senate Bill S3353

Designates the tenth day of March of each year as a public holiday, to be known as Harriet Tubman day

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Bill Status

  • Introduced
  • In Committee
  • On Floor Calendar
    • Passed Senate
    • Passed Assembly
  • Delivered to Governor
  • Signed/Vetoed by Governor
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  • 01 / Feb / 2013
  • 08 / Jan / 2014


Designates the tenth day of March of each year as a public holiday, to be known as Harriet Tubman day.

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Bill Details

See Assembly Version of this Bill:
Legislative Cycle:
Senate Judiciary
Law Section:
General Construction Law
Laws Affected:
Amd §24, Gen Con L
Versions Introduced in Previous Legislative Cycles:
2011-2012: S971, A2623
2009-2010: S4027, A3416B
2007-2008: A5220, A5220

Sponsor Memo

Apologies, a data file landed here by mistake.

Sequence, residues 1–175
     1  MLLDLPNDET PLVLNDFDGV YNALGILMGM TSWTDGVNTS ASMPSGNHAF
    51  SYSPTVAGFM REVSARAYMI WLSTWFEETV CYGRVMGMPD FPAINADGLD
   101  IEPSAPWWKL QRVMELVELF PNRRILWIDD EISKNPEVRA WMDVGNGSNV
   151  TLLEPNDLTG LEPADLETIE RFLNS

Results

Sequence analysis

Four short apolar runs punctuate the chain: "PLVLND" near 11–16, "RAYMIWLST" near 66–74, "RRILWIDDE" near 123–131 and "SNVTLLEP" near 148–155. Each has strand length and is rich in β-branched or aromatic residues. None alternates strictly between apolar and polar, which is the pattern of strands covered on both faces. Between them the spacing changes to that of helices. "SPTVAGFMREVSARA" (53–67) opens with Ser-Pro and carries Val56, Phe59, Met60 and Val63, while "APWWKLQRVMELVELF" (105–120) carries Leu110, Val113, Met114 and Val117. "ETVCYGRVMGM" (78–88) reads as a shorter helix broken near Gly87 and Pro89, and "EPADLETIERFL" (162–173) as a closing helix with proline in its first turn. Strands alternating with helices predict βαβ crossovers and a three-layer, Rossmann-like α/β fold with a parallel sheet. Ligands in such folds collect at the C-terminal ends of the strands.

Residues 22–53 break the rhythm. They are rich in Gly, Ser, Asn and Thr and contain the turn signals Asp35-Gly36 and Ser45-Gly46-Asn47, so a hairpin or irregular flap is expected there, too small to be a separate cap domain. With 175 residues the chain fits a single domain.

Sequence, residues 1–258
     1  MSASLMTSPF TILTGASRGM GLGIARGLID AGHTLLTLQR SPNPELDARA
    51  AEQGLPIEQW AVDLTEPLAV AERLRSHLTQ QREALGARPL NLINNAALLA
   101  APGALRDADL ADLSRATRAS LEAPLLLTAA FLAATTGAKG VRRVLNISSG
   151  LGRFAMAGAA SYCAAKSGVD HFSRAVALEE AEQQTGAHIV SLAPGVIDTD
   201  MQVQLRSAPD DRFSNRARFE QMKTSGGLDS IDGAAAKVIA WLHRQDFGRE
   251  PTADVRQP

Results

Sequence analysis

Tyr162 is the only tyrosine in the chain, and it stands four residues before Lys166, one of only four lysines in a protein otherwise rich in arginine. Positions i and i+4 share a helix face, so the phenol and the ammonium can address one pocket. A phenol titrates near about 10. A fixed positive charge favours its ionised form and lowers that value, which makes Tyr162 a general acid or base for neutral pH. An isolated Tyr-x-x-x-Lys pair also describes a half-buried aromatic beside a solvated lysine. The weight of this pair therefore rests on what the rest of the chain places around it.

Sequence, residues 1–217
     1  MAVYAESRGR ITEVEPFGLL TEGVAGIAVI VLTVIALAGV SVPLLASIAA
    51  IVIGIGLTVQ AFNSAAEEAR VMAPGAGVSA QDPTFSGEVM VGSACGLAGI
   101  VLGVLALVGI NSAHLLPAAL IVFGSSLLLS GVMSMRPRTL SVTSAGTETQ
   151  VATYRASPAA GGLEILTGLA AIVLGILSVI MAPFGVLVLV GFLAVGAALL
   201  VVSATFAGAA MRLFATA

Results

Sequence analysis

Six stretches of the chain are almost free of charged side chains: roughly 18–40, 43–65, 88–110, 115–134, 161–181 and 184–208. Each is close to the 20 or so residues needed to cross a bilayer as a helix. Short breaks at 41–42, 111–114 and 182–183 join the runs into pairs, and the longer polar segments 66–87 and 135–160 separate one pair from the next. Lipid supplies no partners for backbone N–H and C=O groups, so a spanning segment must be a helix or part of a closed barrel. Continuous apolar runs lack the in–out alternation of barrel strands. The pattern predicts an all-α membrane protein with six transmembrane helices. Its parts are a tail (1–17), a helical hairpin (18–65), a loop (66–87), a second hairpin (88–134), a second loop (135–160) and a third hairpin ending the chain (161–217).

TITLE OF BILL: An act to amend the general construction law, in
relation to the designation of Harriet Tubman day

PURPOSE OR GENERAL IDEA OF BILL: The primary purpose of this legis-
lation is to establish a public holiday that commemorates Harriet
Tubman, her life achievements and her pivotal role in the 'Underground
Railroad". The legislation will designate the tenth of March of each
year, to be known as Harriet Tubman Day.

SUMMARY OF SPECIFIC PROVISIONS: This legislation will make the tenth of
March of each year a public holiday, to be known as Harriet Tubman Day.

JUSTIFICATION: Harriet Ross Tubman was an American heroine and patriot,
who faithfully served her country and liberated her people. Her tireless